Sipping Liquor, a craft spirits subscription club, is one brand doing just that. With their subscriptions, they include a newspaper (pictured above) that features interviews with different employees at their distillery as well as photos of the actual people who made the product. “We chose newsprint because it's distinctive and gives us a large canvas to play with different designs,” says founder Andrew Rummer. “We've received great feedback from customers after the past three magazines.”
Customers wanted to know what went into the product, and Sipping Liquor has built a newspaper around answering those questions.
If sustainability is one of your core values, newspapers present a solid option when it comes to print materials. Newspapers are an intrinsically lower carbon product than standard magazines, as they require far less energy for paper production, printing, finishing, and transport.
Newspaper Club’s different paper types are either recycled or sourced from sustainably managed forests (all of which have met a strict set of environmental and socially responsible standards.) All of the materials and packaging are 100% recyclable and biodegradable, too. What’s more: Newspaper Club’s printing press is powered in part by solar panels — about 25% of its energy is solar-generated.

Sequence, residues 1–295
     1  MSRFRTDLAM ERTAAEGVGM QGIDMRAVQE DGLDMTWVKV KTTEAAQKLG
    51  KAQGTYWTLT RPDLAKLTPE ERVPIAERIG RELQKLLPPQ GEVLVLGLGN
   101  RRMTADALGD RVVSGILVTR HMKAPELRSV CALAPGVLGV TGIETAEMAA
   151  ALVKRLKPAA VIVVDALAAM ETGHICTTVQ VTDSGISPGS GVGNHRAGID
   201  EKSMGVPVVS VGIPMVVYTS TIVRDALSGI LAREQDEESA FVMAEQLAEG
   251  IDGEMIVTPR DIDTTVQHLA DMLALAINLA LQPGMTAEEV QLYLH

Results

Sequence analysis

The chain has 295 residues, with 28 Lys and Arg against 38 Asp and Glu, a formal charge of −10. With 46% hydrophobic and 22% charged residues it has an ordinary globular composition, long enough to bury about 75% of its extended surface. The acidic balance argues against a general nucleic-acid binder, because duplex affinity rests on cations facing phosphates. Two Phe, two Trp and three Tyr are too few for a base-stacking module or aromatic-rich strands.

Brands are already seeing how this approach fits within their sustainability frameworks. British fashion label Christopher Raeburn, for example, is well known for its use of recycled materials in clothing. In the recent REMADE collection — showcased in a newsprint lookbook — Christopher Raeburn incorporated repurposed military fabrics. In a collaboration with Timberland, they sourced vintage items from thrift stores.
A brand like that is bound to seek sustainability in its print materials as well. At Newspaper Club, you can choose options like recycled newsprint to ensure that your brand’s print materials are in line with a core value like sustainability.
As Jesse Genet of packaging company Lumi points out: “If you think of your eCommerce packaging as a storefront, then you should think of your printed collateral as a helpful, welcoming store clerk.”
You can use your newspapers and print collateral to:
With Newspaper Club, you’ll have access to fast shipping, friendly support, and flexible print runs for your initial newspapers. We’ll handle the heavy lifting of getting the newspapers out.
Bonus: You can ship newspapers anywhere in the world, so it's ideal for overseas offices, trade shows, and more. Order your free samples and see what you can make today.
This article was written by Kaleigh Moore, a freelance writer covering retail and direct to consumer brands and specialising in blog content.